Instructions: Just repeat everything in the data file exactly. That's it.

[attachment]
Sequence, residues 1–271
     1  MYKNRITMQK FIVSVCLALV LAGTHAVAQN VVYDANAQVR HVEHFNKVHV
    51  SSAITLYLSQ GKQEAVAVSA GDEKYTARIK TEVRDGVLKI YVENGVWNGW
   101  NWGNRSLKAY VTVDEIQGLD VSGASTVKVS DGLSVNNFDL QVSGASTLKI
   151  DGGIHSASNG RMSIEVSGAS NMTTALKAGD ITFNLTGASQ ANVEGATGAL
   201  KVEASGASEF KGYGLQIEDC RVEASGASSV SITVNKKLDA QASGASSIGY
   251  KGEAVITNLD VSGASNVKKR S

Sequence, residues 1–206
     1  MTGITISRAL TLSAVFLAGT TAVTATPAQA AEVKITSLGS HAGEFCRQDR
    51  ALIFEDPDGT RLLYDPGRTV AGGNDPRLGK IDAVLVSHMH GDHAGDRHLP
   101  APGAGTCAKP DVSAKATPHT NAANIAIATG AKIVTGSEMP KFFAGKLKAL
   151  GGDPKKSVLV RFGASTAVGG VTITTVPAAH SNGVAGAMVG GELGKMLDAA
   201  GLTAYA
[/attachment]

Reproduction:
Sequence, residues 1–271
     1  MYKNRITMQK FIVSVCLALV LAGTHAVAQN VVYDANAQVR HVEHFNKVHV
    51  SSAITLYLSQ GKQEAVAVSA GDEKYTARIK TEVRDGVLKI YVENGVWNGW
   101  NWGNRSLKAY VTVDEIQGLD VSGASTVKVS DGLSVNNFDL QVSGASTLKI
   151  DGGIHSASNG RMSIEVSGAS NMTTALKAGD ITFNLTGASQ ANVEGATGAL
   201  KVEASGASEF KGYGLQIEDC RVEASGASSV SITVNKKLDA QASGASSIGY
   251  KGEAVITNLD VSGASNVKKR S

Sequence, residues 1–206
     1  MTGITISRAL TLSAVFLAGT TAVTATPAQA AEVKITSLGS HAGEFCRQDR
    51  ALIFEDPDGT RLLYDPGRTV AGGNDPRLGK IDAVLVSHMH GDHAGDRHLP
   101  APGAGTCAKP DVSAKATPHT NAANIAIATG AKIVTGSEMP KFFAGKLKAL
   151  GGDPKKSVLV RFGASTAVGG VTITTVPAAH SNGVAGAMVG GELGKMLDAA
   201  GLTAYA